#1
Apr412, 03:28 PM

P: 642

Alright. I know how incredibly inefficient this algorithm is, but I felt like giving this a whirl.
#include <iostream> #include <cmath> using namespace std; bool prime(int x) { bool j = true; for (double i = 2;i == x;i++) { if (x/i == floor(x/i)) { j = false; } } return j; } int main() { cout << prime(4) << endl; return 0; } It returns "1" (true.) Why is this? Obviously, an error on my part. 



#2
Apr412, 03:29 PM

P: 642

This is one of the times I wish I could delete my own threads. I used = instead of ==. Still not working. Edited the original post.




#3
Apr412, 03:32 PM

P: 194





#4
Apr412, 03:39 PM

P: 642

C++ prime testing
I managed to figure the new problem out, I used == when I should've used !=. These =, ==, and != are killing me! :)




#5
Apr412, 04:17 PM

P: 450

You can write it like this if you want.




#6
Apr412, 04:23 PM

P: 642

Now, for fun, I decided to see if I could make a perfect number tester. What's wrong with this function?
EDIT: Figured it out. *bashes head against wall* I started counting factors at 2, not 1. EDIT: And it's still looking for 33550336. 



#7
Apr412, 04:54 PM

P: 450

Integers are exact values while doubles are approximate values. It seams possible that as you add up i's as doubles, you might end up with a loss of precision enough that i != x when you would expect it to and you will get stuck in an infinite loop. I just did a test and found that 2.0000000000000001==2 , but 2.000000000000001 !=2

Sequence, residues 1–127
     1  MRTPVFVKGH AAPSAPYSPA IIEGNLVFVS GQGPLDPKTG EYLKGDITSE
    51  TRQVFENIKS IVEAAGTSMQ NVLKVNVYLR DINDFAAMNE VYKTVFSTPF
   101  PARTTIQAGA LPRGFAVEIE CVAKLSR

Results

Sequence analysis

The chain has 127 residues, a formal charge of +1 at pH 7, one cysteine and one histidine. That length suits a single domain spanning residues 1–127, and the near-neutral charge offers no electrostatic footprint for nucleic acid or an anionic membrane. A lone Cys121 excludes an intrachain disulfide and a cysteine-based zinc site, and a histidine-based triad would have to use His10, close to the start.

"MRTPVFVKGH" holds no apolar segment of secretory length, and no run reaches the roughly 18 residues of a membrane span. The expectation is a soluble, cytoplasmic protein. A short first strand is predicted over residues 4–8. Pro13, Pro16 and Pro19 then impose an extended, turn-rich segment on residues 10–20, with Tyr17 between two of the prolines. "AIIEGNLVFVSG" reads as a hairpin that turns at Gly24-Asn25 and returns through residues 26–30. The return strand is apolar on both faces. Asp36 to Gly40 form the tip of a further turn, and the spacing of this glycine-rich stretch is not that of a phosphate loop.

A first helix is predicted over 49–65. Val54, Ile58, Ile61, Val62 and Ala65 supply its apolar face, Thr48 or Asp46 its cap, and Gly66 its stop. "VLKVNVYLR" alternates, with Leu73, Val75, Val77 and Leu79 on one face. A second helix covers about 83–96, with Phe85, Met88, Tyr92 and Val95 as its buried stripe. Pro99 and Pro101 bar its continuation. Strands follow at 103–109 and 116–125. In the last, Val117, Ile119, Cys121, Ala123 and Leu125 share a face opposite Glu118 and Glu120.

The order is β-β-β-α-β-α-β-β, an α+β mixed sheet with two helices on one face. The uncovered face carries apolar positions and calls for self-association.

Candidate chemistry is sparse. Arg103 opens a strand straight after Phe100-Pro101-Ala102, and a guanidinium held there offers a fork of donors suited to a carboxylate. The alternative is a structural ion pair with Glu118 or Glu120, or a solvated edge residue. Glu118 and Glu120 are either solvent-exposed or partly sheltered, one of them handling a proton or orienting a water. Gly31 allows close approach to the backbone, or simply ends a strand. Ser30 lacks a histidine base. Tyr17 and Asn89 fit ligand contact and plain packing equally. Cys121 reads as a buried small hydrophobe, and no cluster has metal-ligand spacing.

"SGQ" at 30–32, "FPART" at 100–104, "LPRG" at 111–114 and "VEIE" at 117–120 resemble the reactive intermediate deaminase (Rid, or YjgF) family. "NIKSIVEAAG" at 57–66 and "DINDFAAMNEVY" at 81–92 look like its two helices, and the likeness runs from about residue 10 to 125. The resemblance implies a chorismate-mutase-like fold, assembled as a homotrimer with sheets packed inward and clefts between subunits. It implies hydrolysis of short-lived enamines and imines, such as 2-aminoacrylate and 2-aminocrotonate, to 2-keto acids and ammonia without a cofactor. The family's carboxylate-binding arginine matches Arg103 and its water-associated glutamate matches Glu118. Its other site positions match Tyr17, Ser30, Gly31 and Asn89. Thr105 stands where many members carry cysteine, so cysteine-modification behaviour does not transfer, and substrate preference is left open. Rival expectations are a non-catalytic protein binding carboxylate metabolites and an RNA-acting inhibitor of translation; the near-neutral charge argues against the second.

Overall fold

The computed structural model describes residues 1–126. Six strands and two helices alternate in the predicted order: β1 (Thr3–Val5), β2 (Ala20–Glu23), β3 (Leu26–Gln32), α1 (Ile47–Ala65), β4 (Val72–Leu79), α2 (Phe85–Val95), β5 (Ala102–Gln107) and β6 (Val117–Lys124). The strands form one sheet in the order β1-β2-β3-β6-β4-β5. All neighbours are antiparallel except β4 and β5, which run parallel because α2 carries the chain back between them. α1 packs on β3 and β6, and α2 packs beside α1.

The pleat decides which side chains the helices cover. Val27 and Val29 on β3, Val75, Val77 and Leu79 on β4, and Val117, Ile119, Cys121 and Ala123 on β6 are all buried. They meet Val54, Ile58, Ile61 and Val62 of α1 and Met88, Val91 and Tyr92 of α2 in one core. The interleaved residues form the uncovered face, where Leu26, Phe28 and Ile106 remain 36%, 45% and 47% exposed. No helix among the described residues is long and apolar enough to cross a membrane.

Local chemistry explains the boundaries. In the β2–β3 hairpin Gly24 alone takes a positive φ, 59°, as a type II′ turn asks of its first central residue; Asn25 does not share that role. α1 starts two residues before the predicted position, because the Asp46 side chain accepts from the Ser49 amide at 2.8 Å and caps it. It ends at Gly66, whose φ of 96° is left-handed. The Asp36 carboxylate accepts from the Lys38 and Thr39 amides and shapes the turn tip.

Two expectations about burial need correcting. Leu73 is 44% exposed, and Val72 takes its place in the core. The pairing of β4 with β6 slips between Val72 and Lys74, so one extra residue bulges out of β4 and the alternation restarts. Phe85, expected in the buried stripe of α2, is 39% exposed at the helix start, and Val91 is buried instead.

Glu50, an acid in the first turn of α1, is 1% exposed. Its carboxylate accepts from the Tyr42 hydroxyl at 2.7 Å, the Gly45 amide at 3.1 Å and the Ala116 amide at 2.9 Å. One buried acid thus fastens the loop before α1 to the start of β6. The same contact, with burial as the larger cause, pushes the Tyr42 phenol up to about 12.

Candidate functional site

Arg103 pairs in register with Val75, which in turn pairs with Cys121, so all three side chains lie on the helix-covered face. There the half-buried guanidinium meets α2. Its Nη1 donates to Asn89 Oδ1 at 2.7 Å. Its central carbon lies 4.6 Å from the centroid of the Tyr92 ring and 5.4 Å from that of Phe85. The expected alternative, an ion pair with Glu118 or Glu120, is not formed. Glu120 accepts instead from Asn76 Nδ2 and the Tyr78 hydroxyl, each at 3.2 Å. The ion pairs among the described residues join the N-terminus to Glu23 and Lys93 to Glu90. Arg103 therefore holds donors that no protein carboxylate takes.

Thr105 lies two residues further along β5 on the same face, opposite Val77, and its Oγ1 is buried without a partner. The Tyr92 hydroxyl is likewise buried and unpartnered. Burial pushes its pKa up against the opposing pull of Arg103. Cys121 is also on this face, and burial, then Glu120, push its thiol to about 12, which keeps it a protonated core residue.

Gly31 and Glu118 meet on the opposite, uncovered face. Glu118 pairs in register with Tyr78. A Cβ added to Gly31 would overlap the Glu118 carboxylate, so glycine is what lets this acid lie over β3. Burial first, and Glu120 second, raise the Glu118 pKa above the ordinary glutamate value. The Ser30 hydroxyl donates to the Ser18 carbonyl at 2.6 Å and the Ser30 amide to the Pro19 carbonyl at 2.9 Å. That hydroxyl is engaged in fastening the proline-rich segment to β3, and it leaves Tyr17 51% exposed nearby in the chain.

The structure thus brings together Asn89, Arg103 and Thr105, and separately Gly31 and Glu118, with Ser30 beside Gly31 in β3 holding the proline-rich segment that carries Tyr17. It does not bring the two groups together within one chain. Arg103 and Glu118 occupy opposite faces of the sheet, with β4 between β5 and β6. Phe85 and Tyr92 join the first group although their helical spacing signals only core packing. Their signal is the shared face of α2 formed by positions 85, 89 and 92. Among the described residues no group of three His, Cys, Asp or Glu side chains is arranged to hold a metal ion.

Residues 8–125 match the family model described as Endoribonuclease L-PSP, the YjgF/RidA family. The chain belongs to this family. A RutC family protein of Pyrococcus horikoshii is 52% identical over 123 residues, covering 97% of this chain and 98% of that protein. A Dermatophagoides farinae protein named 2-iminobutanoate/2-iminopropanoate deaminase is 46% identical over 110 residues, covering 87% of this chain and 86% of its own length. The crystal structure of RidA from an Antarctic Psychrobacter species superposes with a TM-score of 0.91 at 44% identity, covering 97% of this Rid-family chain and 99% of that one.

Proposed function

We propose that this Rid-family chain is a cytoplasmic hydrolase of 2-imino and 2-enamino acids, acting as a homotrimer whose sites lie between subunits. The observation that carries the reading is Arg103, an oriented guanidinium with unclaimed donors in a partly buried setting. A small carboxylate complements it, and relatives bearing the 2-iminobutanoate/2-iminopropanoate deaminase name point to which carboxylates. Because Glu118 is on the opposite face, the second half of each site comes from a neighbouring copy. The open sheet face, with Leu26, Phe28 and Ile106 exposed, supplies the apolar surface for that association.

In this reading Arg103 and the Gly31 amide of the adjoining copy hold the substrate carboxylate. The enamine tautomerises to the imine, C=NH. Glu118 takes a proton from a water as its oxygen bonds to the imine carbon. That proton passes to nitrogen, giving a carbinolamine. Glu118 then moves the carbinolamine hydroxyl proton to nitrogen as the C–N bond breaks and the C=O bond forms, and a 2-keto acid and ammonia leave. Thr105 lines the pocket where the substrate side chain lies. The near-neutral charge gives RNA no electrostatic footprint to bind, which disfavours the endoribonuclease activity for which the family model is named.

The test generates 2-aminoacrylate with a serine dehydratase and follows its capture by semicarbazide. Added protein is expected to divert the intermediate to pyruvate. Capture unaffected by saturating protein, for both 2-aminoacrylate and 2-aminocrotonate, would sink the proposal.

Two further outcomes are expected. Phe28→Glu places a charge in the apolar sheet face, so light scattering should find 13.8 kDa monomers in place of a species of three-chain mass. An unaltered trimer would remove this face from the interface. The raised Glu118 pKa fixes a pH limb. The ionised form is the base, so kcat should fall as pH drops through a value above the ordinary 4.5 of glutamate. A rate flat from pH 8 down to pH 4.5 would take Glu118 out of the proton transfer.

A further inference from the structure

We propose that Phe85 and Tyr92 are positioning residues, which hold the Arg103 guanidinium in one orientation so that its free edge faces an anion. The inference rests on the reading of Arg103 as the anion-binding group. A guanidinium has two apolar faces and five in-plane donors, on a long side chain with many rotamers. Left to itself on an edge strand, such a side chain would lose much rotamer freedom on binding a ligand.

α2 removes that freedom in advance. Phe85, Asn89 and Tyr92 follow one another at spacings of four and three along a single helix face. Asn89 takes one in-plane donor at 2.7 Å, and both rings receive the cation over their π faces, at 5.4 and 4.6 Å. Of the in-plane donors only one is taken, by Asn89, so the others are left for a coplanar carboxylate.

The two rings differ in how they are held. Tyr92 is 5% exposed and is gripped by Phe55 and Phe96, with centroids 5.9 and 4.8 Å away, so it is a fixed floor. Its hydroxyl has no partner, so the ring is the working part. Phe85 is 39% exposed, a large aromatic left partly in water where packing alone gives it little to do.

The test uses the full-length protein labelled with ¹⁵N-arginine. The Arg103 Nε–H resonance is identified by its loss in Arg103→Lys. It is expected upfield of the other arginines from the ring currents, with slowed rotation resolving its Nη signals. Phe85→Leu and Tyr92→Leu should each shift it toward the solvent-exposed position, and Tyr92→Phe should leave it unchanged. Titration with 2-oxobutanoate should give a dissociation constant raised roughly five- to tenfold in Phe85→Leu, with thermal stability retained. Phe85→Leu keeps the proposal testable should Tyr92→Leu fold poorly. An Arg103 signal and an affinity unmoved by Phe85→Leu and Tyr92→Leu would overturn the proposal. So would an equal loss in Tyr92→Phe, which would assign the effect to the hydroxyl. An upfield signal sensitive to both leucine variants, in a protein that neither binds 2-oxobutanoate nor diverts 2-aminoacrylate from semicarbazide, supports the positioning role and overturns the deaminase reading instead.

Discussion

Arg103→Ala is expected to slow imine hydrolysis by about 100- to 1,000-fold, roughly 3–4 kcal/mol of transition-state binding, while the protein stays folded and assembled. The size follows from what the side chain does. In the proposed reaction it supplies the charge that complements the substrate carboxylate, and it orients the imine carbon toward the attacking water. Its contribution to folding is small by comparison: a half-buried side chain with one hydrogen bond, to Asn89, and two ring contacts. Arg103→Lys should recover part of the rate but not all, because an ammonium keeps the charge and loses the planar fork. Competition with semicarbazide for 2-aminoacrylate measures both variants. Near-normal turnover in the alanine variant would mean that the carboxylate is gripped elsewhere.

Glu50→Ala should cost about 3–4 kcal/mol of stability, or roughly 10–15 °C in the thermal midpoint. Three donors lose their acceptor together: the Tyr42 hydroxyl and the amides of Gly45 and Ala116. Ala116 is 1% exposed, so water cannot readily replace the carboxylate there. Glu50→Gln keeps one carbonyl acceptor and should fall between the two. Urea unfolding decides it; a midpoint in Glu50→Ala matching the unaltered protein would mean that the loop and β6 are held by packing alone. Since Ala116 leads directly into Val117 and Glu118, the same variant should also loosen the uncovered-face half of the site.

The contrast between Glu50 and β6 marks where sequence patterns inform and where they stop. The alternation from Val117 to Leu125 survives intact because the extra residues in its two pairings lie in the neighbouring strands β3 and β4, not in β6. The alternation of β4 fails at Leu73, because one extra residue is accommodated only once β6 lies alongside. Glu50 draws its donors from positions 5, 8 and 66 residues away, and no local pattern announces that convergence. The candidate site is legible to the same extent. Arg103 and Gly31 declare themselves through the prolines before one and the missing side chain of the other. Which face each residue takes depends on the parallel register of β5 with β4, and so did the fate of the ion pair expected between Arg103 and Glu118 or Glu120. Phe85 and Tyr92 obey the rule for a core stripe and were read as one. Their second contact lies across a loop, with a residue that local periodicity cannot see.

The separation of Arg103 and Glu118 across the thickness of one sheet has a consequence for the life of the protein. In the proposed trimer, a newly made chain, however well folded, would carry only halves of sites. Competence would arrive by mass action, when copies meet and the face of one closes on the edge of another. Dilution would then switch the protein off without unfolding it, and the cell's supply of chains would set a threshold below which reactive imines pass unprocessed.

#8
Apr412, 05:05 PM

P: 450

I just ran a test and found this out.




#9
Apr412, 05:23 PM

P: 194

a/b == floor(a/b) is ugly to begin with. Those modulus operators don't exist for no reason.




#10
Apr412, 05:43 PM

Engineering
Sci Advisor
HW Helper
Thanks
P: 6,344

... but you shouldn't really be surprised that if x is a 32bit signed integer, it can't hold a number bigger than 2^{31}. On the other hand a double can hold integers up to about 2^{52} exactly, so sometimes storing integer values in doubles wins over storing them in integers. Try the same code with "long x = 2" (if your implementation uses 64bit long integers) to see when that falls over. Actually, it might work beyond 52 iterations, because a double can hold integer powers of 2 exactly right up to the maximum value for a double, which is bigger than 10^{300}. But C++ it won't necessarily print those values accurately to 300 digits precision, of course. 



#11
Apr412, 10:20 PM

P: 737

"long long" is always at least 64 bits wide on any x86 arch, if not 128. Use long long if you need more range, but stay away from floating point numbers.
Use % to check for remainder. For example, if i % p == 0, then p divides i and i isn't prime if p is any number but i or 1. Also, if you need guaranteed width, look at cstdint. 



#12
Apr512, 04:58 AM

P: 194

"64 bits ought to be anything for anyone."  Me. 



#13
Apr612, 05:15 AM

P: 186

When comparing doubles (floating point numbers in general), you should compare to within an error bound to account for small variances in precision.
Example:




#14
Apr612, 09:39 AM

P: 642




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